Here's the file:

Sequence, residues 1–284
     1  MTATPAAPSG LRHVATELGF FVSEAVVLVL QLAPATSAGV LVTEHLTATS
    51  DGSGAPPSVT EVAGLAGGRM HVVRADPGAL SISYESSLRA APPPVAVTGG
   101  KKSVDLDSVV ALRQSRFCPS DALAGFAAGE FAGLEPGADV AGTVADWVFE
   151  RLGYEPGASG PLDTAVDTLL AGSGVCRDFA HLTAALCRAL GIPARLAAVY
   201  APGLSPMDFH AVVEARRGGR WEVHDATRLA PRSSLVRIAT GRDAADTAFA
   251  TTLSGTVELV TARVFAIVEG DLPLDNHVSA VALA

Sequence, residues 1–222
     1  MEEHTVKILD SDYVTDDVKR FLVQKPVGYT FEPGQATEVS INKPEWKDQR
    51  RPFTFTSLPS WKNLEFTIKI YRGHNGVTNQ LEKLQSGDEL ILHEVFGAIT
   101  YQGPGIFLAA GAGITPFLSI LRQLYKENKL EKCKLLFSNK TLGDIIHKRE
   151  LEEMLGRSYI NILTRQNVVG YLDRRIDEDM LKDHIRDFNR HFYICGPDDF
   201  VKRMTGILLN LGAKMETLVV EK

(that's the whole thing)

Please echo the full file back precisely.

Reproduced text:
Sequence, residues 1–284
     1  MTATPAAPSG LRHVATELGF FVSEAVVLVL QLAPATSAGV LVTEHLTATS
    51  DGSGAPPSVT EVAGLAGGRM HVVRADPGAL SISYESSLRA APPPVAVTGG
   101  KKSVDLDSVV ALRQSRFCPS DALAGFAAGE FAGLEPGADV AGTVADWVFE
   151  RLGYEPGASG PLDTAVDTLL AGSGVCRDFA HLTAALCRAL GIPARLAAVY
   201  APGLSPMDFH AVVEARRGGR WEVHDATRLA PRSSLVRIAT GRDAADTAFA
   251  TTLSGTVELV TARVFAIVEG DLPLDNHVSA VALA

Sequence, residues 1–222
     1  MEEHTVKILD SDYVTDDVKR FLVQKPVGYT FEPGQATEVS INKPEWKDQR
    51  RPFTFTSLPS WKNLEFTIKI YRGHNGVTNQ LEKLQSGDEL ILHEVFGAIT
   101  YQGPGIFLAA GAGITPFLSI LRQLYKENKL EKCKLLFSNK TLGDIIHKRE
   151  LEEMLGRSYI NILTRQNVVG YLDRRIDEDM LKDHIRDFNR HFYICGPDDF
   201  VKRMTGILLN LGAKMETLVV EK